What Sr. Pastors Could Learn About Preaching from Youth Pastors
I know that a title like this is a little presumptuous. I could just as easily switch the title around and it would be equally true. But I was thinking about how I preach, and I realized that my style was developed from speaking to teenagers for the last ten years. Talking to a large group of teens is a very different experience from talking to a group of adults sitting quietly on Sunday morning. When it comes to being trained for public speaking, I am a complete novice. I have never taken any public speaking courses, and I really haven’t read any books about communication. But I have learned many lessons the hard way. Any I have applied many of those lessons to my preaching. So here are a few things I have learned from teens about preaching.
1. It all starts with preaching truth, but it has to be understandable.
Yes theology is important and doctrine is important as well. But when you preach, you must present the truth of the Bible in a way that people can understand. Preaching is not about showing off your knowledge, it’s about presenting truth so lives can be changed. So always think about what you are preaching, if teens can’t understand you, then you are probably obfuscating (if you don’t know what I just said, then how can you expect people to understand propitiation or justification without explaining them in everyday terms).
2. You have to be prepared for distractions.
In youth ministry you have constant distractions. It might be a kid seeing how many bodily noises he can make or it might be constant talking and laughing or it might be people getting up and moving around. I had to learn to just take it in stride and not take myself too seriously. Sometimes, the distractions need to be addressed. You can do that with humor most of the time, although sometimes more directness is needed. But when preaching to adults, you have to learn to let your sermon flow with the distractions. Sometimes distractions are an indication that you are losing their attention, so you need to change how you are communicating.
3. It has to be a conversation.
When speaking to teens, I am amazed at how often they raise their hand or blurt out something as you are speaking. Sometimes, their comments are right on the money. But the majority of time, their comments are way out in left field. I learned over the years that you can’t become frustrated with their behavior. They learn by asking questions and interacting as you teach. With adults, my teaching style has changed some, but it is still very interactive. I usually don’t have adults blurting out questions, but I still can sense when they are struggling with something I talk about. Even though they aren’t talking back, it is still a conversation. I try to ask a lot of questions and I pay close attention to their body language. Are they nodding their heads, smiling, or do they just look confused? I then try to adapt what I’m speaking about to more clearly communicate the truth. If they are confused, then I will slow down and describe what I’m trying to say. If they are bored, then I try to get them engaged through personal examples or humor. If they are listening to every word, then I try to really drive home the main point. I don’t want my messages to be a long boring message. To really engage your congregation you must understand how they are processing what you are saying.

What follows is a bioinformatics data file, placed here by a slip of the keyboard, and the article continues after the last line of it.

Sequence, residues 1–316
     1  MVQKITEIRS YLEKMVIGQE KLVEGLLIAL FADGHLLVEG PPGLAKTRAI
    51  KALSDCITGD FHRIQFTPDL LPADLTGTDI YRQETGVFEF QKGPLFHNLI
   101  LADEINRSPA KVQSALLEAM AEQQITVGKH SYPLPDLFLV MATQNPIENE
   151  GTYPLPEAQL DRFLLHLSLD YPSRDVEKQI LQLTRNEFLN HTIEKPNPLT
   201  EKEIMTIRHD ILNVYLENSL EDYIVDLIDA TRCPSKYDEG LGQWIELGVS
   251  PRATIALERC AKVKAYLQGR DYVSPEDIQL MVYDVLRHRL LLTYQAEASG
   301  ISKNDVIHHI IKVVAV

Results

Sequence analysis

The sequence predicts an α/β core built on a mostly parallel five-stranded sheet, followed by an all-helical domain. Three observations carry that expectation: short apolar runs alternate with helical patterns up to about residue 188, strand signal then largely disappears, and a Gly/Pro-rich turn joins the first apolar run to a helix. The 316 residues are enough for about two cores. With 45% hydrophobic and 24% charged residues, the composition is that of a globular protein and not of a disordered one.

4. You have to know when to shut up
With youth, it is easy to talk too much. When you start losing the whole group and everything you try is not working, then you have probably said too much. I fall into the trap of trying to communicate too much. When you go on with point after point after point, the end result is that the students remember nothing. And the same is true of adults. Sometimes you get halfway through a sermon and realize that you are close to the limit of what people can digest. Sometimes I feel the Holy Spirit leading me to share personal stories and illustrations and sometimes I feel like I should add a point or go in depth about something that I wasn’t planning on. When that happens I need to remember that too much information leads to the retention of nothing. There is nothing wrong with calling an audible and postponing part of your message to the next week. Although I’m all for planning ahead, if you let your sermons be dictated by the calendar then you have limited what God can say through you. We must listen to the Holy Spirit and be willing to change our plans for the sake of communicating His plan.